When we think of a moose we picture an animal which isn't particularly beautiful – dopey muzzle, long legs... Yet, there is something about it that attracts people. They want to see one, take its picture, touch it and cuddle, just as if it was a pet which you can tame and love. They simply don’t realize that moose may actually be very dangerous at times...
Alaskan moose is the largest species of the deer family. Its representatives are not very aggressive towards humans on the whole, but, like any other animals, can be easily frightened or provoked. So whenever you’re close to a moose you should be on the watch, as the statistics are appalling – moose attack people more often than bears and wolves combined, but, luckily, with less severe consequences.
One of the most dangerous times to go looking for moose is the May-June period when the moose cows calve. The mothers are fiercely protective of their young and will not hesitate to attack intruders. It does not make any difference to them whether a human wants to get closer to take a better snapshot, or tries to steal their baby. Another piece of advice: do not ever come between mothers and their calves – it bugs them! In the fall beware of the moose bulls – it's the mating season! Due to high hormone levels they may become aggressive and act unpredictably. Finally, it is worth remembering that where there are moose, there are also predators which like to hunt them, like wolves or grizzly bears. If you're still willing to see the moose face to face, why don't you look at its ears, too – when they tilt back, it means the animal is irritated.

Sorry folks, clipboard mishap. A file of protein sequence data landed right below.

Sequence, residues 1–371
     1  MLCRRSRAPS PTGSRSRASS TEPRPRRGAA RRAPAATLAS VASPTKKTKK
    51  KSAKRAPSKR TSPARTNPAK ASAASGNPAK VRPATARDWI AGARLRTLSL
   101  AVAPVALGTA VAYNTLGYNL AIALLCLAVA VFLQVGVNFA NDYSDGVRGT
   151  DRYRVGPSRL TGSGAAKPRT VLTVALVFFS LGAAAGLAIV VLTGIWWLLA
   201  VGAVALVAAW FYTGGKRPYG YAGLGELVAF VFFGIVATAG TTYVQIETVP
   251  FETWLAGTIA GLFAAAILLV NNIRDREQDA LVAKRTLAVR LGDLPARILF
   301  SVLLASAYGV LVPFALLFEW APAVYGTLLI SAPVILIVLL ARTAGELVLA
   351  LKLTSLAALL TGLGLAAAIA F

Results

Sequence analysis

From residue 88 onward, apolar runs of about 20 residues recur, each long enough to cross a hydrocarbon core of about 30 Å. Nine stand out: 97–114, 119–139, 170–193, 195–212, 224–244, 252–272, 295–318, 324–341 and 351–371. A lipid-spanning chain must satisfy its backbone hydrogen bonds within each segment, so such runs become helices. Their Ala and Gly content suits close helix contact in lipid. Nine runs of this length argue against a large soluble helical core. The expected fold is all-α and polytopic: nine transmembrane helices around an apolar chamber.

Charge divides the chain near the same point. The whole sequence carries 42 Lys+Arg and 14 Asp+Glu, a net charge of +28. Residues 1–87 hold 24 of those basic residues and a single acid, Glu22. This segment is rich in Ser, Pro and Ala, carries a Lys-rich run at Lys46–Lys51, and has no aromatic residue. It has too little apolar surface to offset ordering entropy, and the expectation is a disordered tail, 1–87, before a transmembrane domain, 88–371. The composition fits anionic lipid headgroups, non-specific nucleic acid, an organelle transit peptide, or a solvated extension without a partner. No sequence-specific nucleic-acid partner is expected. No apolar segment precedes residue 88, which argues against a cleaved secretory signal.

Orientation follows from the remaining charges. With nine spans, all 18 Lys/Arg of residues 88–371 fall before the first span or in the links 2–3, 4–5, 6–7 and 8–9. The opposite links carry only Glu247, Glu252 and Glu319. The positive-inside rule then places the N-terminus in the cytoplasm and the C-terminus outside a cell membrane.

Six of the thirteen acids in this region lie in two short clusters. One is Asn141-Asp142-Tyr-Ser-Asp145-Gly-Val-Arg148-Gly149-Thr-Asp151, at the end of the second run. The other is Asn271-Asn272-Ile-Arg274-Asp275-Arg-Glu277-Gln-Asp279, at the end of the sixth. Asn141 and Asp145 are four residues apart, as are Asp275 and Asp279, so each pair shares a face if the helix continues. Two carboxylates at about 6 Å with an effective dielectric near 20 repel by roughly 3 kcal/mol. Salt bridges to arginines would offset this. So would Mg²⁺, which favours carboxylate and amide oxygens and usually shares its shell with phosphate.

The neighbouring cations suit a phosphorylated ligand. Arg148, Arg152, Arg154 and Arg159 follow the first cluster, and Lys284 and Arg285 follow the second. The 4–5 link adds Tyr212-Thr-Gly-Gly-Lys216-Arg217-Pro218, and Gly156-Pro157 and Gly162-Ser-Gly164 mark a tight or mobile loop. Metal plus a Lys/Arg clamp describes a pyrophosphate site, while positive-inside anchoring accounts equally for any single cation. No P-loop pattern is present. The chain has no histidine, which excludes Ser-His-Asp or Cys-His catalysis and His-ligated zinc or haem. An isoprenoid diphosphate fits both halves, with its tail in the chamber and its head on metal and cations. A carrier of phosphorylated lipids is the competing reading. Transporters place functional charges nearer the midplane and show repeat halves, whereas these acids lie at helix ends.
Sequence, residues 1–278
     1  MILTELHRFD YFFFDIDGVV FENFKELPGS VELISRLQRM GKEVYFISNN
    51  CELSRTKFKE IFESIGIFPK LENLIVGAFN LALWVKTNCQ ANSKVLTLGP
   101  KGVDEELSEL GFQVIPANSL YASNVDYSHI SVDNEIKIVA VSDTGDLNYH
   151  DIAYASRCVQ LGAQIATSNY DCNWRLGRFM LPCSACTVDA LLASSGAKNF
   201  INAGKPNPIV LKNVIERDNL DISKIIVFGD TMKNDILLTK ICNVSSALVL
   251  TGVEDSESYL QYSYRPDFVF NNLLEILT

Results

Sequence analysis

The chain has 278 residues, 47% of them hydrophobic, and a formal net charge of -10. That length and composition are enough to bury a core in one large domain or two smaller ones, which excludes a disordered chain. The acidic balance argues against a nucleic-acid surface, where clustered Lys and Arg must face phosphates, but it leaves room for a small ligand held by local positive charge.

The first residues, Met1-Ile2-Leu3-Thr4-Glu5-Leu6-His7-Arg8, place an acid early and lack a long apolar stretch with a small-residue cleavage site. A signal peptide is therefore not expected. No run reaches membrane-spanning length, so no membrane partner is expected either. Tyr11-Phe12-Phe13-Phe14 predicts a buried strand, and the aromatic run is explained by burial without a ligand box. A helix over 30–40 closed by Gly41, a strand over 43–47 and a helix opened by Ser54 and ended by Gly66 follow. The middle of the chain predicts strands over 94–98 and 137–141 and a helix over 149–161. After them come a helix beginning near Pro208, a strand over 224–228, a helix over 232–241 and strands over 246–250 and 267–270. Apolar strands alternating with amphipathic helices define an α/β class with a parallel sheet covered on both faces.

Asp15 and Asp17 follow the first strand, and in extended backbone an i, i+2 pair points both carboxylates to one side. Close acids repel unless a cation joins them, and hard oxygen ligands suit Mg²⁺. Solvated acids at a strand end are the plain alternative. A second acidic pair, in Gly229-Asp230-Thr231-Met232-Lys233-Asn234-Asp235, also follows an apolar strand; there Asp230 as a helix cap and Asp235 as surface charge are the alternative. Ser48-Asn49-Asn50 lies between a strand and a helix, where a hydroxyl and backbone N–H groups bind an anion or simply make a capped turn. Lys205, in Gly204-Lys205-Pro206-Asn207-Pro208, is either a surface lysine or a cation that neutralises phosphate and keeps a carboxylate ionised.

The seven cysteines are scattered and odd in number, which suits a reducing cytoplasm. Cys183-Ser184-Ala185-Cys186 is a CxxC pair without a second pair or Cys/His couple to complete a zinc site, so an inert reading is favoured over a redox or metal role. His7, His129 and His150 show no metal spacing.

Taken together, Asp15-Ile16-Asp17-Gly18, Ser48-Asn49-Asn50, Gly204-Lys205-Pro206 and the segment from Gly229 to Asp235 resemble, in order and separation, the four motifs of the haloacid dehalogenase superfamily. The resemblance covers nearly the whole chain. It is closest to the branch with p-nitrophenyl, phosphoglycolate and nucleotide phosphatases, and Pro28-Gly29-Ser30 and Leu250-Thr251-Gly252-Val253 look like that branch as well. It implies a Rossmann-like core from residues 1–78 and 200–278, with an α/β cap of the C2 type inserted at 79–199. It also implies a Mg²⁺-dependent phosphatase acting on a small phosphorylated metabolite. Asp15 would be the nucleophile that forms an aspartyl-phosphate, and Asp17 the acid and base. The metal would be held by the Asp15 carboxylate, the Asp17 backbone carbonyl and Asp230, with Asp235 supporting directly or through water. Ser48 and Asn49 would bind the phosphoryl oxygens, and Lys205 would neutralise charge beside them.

The common mistake people make while traveling to Canada in search of moose is assuming that, just because the animal is gangly and looks awkward, it can't move quickly, which would give them a chance to run away if necessary. Well, this kind of thinking may cost you your life. The animals may look clumsy, but they are fast. The adult moose can run as fast as 60 kilometers per hour.
All things considered, it may turn out to be a sensible solution to ask locals or professional tour guides to accompany you. They will probably know where to look for the animal (you'd better not get lost in the Canadian forests), what its habits are, and what to do in an emergency.
The above are just a couple of tips which aim to make you aware of the possible risks involved, so that you could weigh the pros and cons of setting out on a trip in search of the moose. If my warnings didn't discourage you, I hereby wish you good luck!